Majority of America’s High School Seniors Economically Literate

From the Opinion Journal comes this very encouraging news: 79% of America’s twelfth graders passed the National Assessment of Educational Progress’ (NAEP) economics literacy test.

Pop quiz. Which has been most important in reducing poverty over time: a) taxes, b) economic growth, c) international trade, or d) government regulation?

We know what our readers would say. But lest you think American young people are slouching toward serfdom, you’ll be pleased to know that 53% of U.S. high school seniors also answered “b.” The latest version of the National Assessment of Educational Progress (NAEP) asked this question, among others on economics, and the results will not please members of the Socialist International, or for that matter the Senate Finance Committee.

Since its founding in 1969, the NAEP has become something of an annual exercise in American educational masochism. Last year, only 54% of students met NAEP’s “basic” standard–the equivalent of a passing grade–on the science test. The previous year tested history; a mere 47% passed. But when knowledge of economics was tested this year, well, let’s just say the supply curve shifted. NAEP reported this week that 79% of twelfth graders passed this first-ever national economics test. Holy Hayek.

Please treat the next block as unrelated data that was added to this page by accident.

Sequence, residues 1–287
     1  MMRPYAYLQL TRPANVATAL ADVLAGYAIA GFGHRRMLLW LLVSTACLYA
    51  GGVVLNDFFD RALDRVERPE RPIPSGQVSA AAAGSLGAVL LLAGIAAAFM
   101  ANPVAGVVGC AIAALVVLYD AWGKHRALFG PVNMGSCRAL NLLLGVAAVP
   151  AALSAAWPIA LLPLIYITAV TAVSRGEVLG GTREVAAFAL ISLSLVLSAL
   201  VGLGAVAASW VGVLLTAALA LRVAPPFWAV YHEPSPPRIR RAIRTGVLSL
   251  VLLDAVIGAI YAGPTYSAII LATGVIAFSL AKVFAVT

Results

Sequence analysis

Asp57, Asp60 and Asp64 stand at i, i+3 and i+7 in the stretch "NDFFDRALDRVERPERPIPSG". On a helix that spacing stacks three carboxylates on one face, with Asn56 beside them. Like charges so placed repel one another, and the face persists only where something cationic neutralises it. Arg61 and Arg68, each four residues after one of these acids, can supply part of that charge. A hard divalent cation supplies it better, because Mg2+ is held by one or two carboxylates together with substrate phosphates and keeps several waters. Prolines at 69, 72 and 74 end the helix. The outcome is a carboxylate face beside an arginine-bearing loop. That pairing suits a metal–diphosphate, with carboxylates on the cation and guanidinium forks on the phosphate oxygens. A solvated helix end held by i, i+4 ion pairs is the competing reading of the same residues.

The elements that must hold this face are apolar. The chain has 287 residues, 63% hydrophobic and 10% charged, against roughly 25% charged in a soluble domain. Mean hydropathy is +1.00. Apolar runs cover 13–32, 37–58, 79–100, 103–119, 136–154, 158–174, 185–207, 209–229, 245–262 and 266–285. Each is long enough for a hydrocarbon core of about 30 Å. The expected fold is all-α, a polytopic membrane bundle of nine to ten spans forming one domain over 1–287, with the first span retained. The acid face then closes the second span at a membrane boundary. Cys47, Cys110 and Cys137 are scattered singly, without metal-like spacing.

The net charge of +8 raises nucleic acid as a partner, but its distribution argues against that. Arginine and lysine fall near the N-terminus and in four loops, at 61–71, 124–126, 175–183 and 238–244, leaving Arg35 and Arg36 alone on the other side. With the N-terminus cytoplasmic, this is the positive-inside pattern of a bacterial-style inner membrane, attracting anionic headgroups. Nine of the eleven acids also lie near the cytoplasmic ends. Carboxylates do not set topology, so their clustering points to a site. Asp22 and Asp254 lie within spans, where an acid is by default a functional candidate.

Impressive, indeed, especially since, and I’m guessing here, that the majority of the students assessed were public school kids. This means that the kids in public schools are absorbing free market economic principles even though they are being educated in a educational system that is socialistic in its structure.

Update: If the Democratic presidential nominees took this same test, they wouldn’t do nearly as well. Check out Jim Addison’s piece from earlier today in which he addresses the Democrats answers to questions about economics. They’ll leave you scratching your head.

Is the Housing "Bust" real?
Has Elliot Spitzer Set Up a Pay for Play Reelection Scheme?